A Saskatchewan health-care provider didn’t offer an executive enough notice when it fired him for budgetary reasons, the Saskatchewan Court of Queen’s Bench has ruled.
Pasquale Vettraino, 60, was hired on Oct. 24, 2003, by Sun Country Health Region, based in Weyburn, Sask., for the position of executive director of its mental health and addiction services. Sun Country also gave him $5,000 to help in his relocation from Calgary, which was “contingent upon return of service of two years.” Because he met the posted qualifications of 10 years of supervisory and management experience in the health-care sector, he was given vacation time equivalent to that of a 10-year employee.
Vettraino and his wife bought a house in Weyburn shortly after he began working with Sun Country, though his wife and daughter planned to remain in Calgary until the daughter graduated from high school in June 2005. In March 2005, they began looking for a larger house and sold their existing house in Weyburn with the agreement the new owners would take possession on July 15, 2005.
On May 26, 2005, Sun Country informed Vettraino his position had been eliminated for budgetary reasons and he was terminated effective immediately. It offered him three months’ pay and $2000 for relocation or re-employment counselling. Vettraino refused and Sun Country paid him two weeks’ salary plus accumulated vacation pay. He sued for wrongful dismissal, claiming he deserved notice more than was offered, because his expectation when he was hired was it would be for at least the two-year period stated for relocation expenses and his limited prospects for finding another similar job in the area.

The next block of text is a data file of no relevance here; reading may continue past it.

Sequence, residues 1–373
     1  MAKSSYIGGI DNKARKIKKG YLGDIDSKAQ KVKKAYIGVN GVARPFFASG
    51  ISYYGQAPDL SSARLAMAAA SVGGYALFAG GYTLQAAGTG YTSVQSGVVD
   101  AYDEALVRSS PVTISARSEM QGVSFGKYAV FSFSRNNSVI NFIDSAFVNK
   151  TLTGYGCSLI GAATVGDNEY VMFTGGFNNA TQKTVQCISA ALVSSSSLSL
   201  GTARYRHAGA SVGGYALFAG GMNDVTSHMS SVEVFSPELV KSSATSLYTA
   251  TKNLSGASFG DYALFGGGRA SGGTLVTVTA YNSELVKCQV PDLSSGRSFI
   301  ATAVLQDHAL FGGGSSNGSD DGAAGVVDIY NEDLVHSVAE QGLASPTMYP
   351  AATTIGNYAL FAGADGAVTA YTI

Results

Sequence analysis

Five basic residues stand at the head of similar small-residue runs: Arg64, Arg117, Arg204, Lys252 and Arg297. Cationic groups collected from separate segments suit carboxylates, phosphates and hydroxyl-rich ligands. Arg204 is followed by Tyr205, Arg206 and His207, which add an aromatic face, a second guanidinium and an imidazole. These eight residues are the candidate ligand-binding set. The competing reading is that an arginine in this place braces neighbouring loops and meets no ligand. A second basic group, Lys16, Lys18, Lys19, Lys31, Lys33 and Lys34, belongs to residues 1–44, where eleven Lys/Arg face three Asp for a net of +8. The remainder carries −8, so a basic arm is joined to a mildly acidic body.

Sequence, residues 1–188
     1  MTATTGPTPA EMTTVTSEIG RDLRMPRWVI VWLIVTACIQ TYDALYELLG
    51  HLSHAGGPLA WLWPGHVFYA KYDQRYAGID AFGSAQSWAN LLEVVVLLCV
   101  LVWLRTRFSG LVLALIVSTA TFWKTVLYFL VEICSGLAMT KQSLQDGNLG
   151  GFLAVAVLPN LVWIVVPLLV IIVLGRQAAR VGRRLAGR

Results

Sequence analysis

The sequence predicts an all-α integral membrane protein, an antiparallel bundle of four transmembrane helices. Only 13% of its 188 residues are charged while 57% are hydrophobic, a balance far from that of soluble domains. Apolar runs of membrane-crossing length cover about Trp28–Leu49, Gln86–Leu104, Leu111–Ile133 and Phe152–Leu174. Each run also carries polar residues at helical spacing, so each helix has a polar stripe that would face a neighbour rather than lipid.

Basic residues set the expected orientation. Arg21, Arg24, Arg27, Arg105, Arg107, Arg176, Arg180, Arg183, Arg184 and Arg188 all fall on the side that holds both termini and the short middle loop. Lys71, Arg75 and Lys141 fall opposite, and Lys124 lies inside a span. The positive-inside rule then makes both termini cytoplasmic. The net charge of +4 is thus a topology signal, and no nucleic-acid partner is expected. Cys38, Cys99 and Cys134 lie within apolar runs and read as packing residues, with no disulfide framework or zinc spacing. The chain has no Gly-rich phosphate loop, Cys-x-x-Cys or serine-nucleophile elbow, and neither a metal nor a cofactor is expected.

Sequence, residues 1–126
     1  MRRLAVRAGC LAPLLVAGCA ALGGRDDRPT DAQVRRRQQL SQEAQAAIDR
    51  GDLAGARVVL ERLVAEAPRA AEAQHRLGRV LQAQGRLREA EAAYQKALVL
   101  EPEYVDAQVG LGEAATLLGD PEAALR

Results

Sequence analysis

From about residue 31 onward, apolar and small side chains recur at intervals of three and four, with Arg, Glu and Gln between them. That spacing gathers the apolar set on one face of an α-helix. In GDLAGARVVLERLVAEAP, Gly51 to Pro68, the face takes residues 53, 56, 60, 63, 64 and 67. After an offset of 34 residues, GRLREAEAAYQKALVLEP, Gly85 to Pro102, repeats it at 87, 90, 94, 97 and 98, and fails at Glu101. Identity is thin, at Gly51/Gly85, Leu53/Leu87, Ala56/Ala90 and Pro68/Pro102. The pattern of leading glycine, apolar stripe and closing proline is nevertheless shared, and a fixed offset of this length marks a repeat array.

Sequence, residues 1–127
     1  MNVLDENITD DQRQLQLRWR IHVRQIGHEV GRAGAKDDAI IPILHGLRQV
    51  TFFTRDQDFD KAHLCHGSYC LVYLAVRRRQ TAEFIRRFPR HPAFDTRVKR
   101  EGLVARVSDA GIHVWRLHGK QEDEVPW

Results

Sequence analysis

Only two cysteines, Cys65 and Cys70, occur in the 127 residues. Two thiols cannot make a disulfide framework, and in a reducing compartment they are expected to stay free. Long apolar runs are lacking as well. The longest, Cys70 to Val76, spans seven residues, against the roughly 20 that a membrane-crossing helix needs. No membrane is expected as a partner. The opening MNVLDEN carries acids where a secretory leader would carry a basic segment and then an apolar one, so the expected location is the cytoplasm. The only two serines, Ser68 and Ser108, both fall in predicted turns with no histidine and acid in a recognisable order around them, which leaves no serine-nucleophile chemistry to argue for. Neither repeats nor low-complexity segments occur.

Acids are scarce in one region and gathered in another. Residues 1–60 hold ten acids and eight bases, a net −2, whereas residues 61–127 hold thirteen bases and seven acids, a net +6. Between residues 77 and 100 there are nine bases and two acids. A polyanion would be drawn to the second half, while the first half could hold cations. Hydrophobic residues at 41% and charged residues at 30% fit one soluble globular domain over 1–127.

The court found Vettraino’s job was “an important management position” and, despite the fact he only held the position for 18 months, the requirement of 10 years’ experience in a mental health care environment meant the “there would be limited opportunities for re-employment in this field in this geographical area.”
“It appears that there was an expectation of permanent employment at the time of hire as evidenced by the offer of up to $5,000 in relocation expenses contingent upon return service of two years,” the court said.
The court found Vettraino was entitled to reasonable notice equal to five months which, minus the severance already received, totaled $30,701.05. The court ruled Vettraino was not entitled to additional relocation pay as he still had a home in Calgary.
For more information see:
Vettraino v. Sun Country Health Region
, 2007 CarswellSask 423 (Sask. Q.B.).
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